Clearly, Hollywood wasn’t ready to call it a quits. In 2007, a 3D computer-animated fantasy action film, titled Beowulf, was released to celebrate the legend of Beowulf with epic live-action motion capture animation sequences. The stellar cast included Anthony Hopkins, John Malkovich, Angelina Jolie, and Robin Wright. 

“Beowulf and Grendel,” released in 2005, is another famous adaptation of the historical characters, co-produced by artists from Iceland, Canada, and the United Kingdom. Directed by Sturla Gunnarsson, this film was shot entirely in Iceland. It depicted Grendel as a terribly misunderstood outcast whose terrifying appearance overshadowed his true self and feelings.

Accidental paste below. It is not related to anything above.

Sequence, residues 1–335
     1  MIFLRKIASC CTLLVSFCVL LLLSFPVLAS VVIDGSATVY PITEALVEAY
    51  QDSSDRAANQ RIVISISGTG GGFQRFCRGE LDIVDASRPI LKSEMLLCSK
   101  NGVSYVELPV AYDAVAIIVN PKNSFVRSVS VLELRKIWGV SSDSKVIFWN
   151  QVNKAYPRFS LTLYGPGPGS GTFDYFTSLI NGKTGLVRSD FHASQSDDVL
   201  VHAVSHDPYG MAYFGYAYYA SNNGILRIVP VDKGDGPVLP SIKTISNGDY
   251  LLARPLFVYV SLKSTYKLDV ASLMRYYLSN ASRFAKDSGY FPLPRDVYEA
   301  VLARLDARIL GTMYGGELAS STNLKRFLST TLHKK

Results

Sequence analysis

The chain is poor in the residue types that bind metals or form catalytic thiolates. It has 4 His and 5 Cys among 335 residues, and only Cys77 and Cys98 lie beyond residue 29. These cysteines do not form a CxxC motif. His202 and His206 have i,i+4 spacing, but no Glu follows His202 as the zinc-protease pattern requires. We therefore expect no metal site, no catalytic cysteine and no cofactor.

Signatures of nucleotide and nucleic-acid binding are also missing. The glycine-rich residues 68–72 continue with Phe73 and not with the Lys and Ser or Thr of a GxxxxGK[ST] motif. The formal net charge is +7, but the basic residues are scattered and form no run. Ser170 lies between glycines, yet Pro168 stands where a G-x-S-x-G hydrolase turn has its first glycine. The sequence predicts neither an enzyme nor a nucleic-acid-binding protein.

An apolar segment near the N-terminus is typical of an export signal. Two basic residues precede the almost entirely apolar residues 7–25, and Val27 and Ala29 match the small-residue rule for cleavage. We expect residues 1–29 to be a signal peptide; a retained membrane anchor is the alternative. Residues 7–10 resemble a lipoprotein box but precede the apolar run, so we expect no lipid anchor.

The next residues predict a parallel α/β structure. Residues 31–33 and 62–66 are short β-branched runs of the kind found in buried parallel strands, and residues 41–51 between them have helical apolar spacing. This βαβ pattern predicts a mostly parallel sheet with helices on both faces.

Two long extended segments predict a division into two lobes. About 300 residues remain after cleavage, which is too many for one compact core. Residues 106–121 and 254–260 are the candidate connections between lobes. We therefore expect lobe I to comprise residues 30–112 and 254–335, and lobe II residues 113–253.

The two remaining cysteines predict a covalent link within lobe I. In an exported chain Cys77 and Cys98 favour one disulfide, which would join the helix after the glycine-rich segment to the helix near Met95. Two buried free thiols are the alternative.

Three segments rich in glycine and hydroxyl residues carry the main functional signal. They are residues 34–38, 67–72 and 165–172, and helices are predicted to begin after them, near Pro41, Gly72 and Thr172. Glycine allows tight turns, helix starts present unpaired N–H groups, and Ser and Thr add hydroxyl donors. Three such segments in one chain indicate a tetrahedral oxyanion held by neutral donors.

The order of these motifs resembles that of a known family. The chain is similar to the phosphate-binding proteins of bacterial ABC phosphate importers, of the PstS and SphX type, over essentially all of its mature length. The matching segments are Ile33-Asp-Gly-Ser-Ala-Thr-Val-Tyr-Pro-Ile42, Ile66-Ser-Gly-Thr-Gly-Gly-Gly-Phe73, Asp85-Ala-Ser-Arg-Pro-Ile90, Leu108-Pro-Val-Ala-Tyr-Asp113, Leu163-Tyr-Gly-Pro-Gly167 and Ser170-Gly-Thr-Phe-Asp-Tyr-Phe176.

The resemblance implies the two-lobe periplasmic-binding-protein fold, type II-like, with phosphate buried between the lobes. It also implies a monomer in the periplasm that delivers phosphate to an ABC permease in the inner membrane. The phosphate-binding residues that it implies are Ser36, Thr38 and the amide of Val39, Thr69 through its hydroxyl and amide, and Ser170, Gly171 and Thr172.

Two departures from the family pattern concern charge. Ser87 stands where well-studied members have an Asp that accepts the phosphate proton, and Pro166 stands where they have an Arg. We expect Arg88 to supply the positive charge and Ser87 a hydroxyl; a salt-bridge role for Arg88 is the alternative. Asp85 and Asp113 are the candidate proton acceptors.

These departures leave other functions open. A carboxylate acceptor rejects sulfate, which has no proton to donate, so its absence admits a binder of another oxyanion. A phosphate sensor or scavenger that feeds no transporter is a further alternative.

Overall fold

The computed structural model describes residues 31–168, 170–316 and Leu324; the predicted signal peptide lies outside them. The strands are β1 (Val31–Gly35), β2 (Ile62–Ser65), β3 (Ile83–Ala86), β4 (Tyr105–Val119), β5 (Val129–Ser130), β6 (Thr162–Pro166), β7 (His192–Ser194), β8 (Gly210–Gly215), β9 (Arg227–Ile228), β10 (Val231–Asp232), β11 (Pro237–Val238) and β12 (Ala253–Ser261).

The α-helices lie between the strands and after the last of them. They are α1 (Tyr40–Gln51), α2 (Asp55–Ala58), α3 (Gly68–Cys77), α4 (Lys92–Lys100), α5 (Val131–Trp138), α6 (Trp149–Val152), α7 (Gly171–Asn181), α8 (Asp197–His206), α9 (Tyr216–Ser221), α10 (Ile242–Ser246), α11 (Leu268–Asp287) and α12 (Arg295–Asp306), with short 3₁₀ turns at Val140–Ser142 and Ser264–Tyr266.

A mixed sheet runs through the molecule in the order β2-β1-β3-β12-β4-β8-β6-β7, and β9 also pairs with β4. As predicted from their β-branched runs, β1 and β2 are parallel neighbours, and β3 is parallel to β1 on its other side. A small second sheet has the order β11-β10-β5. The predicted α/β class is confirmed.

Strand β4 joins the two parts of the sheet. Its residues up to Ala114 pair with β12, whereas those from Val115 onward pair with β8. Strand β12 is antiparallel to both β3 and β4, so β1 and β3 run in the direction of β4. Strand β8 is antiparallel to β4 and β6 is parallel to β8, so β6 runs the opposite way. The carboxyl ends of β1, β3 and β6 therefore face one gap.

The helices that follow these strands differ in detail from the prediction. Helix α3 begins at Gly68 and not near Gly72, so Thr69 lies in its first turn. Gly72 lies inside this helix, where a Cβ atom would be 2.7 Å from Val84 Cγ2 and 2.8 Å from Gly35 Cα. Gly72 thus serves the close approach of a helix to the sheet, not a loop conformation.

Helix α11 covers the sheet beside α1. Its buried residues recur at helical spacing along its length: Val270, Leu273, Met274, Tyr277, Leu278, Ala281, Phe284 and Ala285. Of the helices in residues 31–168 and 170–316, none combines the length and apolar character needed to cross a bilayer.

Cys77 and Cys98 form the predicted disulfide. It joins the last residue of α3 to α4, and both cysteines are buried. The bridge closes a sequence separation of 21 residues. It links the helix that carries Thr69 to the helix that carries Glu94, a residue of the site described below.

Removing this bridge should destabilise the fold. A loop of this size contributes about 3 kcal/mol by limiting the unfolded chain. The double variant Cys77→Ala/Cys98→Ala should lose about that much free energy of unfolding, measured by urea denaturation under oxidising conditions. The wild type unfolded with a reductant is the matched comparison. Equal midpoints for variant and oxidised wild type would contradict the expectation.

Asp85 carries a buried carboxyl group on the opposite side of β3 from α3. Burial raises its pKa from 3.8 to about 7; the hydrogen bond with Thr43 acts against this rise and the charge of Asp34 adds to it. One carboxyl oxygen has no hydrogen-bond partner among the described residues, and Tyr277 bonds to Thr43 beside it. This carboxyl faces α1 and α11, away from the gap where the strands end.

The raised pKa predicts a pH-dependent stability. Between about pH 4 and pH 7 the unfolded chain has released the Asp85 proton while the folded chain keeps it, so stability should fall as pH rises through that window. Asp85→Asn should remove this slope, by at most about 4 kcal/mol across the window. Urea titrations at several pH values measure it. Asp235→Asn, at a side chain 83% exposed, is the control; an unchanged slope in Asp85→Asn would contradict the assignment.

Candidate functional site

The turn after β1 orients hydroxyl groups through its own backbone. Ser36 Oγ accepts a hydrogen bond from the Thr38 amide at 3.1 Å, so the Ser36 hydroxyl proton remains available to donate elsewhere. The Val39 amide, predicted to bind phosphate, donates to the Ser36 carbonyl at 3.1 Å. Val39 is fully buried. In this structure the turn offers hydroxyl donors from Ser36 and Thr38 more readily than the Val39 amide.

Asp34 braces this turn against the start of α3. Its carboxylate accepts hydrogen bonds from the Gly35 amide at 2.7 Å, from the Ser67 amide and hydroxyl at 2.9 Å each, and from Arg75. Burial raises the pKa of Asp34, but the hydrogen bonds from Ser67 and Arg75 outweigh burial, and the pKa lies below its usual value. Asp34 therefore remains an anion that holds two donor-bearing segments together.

These are only a few notable influences of the historical Beowulf story on pop culture, books, films, and literature. It’s interesting to explore academic discourses, sociological perspectives, and literature inspired by Beowulf. In all of these, we come across various fascinating aspects that teach us a great deal about bravery, courage, and the importance of slaying monsters that are created from the collective fear of society. 

Despite the childish sequences and amateur fights between dragons and monsters, the Beowulf story and its characters leave us with poignant lessons. This epic poem continues to act as a powerful catalyst for art and creativity.